The purpose of this paper is to define Gastroenteritis and its involvement in the health and wellness of patient Baby K. Baby K is 14 months of age and presents with vomiting, diarrhea, and severe abdominal pain. On assessment it is noted that the patient ingested improperly stored milk custard. Staphylococcus aureus is suspected.
Gastroenteritis effects both the gastric mucosa of the stomach and the intestines in the inflammatory process causing each to appear red, inflamed, and edematous (Hubert & VanMeter, 2018). Anorexia, nausea, vomiting, and diarrhea are present with Gastroenteritis and vary in severity. Anorexia, or loss of appetite, often precedes nausea which is stimulated by inflammation or irritation of the digestive tract. The sensation of nausea often is paired with increase sweating and salivation. It is said that the increase in salivation helps lubricate the esophagus before vomiting occurs. Vomiting, or emesis, is the forceful expulsion of stomach and sometimes intestinal contents to include stomach acids and ingested materials. Diarrhea is an excessive number of frequent stools that are usually thin consistency. The loss of fluids in the stool can contribute to dehydration, electrolyte imbalances, acidosis, and malnutrition. Diarrhea is typically associated with nausea and vomiting with inflammation and irritation is present in the digestive tract (Hubert & VanMeter, 2018).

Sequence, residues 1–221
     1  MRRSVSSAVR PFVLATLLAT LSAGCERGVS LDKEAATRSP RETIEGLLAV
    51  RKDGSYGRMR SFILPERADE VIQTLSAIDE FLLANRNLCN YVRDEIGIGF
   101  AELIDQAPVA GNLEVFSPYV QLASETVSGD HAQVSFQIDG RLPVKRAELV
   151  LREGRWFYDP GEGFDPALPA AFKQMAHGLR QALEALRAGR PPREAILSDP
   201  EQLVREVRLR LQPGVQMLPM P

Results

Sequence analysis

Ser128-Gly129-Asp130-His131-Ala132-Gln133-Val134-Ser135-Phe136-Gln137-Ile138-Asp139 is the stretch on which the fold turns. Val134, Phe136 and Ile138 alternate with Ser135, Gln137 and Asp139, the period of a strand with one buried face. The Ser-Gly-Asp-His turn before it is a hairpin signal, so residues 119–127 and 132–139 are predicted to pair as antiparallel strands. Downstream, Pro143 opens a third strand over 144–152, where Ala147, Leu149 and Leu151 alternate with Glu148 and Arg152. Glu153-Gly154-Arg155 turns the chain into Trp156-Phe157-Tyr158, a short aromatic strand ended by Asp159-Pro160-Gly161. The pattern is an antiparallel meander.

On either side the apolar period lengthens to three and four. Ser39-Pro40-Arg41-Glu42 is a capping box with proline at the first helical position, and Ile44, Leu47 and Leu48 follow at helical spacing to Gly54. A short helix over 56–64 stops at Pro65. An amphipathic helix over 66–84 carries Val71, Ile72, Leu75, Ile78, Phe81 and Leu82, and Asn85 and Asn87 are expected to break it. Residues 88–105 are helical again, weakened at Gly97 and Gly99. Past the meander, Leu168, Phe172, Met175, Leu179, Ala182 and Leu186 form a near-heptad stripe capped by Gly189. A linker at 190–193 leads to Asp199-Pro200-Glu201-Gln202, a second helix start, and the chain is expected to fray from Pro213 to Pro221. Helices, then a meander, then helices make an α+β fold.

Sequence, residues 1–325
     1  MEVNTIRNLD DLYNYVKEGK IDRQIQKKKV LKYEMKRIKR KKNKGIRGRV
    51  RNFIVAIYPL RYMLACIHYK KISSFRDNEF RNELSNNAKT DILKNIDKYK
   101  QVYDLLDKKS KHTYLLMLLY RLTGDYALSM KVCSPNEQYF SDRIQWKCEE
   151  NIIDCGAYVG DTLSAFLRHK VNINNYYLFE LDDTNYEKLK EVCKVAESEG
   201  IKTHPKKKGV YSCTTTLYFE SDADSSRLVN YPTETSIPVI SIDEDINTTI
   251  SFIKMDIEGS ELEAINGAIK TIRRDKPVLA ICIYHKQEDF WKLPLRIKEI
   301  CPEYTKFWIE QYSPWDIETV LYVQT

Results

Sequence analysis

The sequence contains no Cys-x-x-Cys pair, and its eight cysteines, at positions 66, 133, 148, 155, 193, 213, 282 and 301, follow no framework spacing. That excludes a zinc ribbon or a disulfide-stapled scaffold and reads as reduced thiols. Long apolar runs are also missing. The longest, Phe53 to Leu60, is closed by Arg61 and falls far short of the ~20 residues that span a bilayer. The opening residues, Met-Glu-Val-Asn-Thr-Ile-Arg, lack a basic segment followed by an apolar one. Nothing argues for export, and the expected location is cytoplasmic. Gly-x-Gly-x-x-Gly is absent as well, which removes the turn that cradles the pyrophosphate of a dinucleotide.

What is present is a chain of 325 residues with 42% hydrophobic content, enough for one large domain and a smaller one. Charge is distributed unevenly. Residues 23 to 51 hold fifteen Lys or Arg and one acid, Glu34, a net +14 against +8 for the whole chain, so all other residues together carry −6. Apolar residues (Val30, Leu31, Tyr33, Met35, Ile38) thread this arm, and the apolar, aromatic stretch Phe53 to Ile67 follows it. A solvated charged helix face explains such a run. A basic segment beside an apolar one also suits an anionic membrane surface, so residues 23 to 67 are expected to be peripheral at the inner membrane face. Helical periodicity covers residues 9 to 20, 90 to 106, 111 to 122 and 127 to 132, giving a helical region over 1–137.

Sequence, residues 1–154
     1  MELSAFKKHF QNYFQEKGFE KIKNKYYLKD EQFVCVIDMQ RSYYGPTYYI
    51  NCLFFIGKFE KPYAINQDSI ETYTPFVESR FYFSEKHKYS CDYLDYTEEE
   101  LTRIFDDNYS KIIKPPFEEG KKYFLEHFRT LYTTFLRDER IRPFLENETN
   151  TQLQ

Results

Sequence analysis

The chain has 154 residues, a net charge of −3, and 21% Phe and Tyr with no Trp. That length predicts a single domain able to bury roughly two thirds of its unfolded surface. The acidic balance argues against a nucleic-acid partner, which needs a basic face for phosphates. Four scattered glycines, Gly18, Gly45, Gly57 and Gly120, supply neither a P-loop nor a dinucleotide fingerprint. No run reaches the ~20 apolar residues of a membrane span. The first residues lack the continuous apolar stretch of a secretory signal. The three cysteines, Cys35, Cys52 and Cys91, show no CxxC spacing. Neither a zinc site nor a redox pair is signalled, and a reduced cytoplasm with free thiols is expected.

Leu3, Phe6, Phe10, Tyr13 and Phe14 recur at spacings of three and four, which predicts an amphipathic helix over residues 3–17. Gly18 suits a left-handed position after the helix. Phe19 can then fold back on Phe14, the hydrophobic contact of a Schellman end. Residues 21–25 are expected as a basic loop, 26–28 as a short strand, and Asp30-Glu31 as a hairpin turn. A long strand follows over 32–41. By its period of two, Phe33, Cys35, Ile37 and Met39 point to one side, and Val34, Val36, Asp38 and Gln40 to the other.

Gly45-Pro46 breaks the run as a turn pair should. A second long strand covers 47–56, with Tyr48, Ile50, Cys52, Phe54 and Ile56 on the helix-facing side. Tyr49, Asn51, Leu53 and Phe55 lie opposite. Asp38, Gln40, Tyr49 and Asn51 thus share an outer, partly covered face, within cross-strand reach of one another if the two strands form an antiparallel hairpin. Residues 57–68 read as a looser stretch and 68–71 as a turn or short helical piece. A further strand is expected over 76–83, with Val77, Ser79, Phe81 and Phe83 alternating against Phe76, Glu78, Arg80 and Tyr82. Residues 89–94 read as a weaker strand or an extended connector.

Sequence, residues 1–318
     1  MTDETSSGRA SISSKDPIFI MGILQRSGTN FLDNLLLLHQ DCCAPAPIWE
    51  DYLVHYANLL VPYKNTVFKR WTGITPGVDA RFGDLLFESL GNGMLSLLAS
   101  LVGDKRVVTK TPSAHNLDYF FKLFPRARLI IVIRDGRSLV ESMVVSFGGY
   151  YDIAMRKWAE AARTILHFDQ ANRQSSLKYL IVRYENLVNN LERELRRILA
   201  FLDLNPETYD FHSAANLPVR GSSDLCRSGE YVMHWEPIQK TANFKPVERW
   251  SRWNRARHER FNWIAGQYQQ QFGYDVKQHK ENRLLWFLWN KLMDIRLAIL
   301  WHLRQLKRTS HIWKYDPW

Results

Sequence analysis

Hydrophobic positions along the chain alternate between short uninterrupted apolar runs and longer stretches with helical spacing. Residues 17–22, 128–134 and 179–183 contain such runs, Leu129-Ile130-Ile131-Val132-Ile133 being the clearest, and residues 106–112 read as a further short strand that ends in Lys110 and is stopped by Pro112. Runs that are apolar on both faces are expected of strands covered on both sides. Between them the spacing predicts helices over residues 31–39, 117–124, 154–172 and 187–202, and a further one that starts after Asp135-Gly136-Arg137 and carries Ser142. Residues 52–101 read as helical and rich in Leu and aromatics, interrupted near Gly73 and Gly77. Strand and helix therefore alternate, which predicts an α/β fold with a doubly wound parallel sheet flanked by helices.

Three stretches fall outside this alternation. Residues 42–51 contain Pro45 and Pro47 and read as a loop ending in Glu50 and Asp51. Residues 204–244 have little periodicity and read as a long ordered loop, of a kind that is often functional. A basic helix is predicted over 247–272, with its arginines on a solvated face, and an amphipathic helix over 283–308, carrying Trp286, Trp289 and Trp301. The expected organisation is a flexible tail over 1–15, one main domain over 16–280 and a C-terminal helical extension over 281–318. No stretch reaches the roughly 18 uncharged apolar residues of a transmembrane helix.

Multiple causative agents exist for acute onset of Gastroenteritis, but most causes are of infectious etiology. A foodborne infection typically manifests as a combination of nausea, vomiting, diarrhea, and abdominal discomfort. If a foodborne illness is suspected, identifying the particular food exposure and timing of symptoms can be informative in determining the pathogen. Foodborne pathogens such as Staphylococcus aureus cause illness within hours of ingestion whereas other pathogens may take up to seven days to show symptoms (LaRocque & Harris, 2019).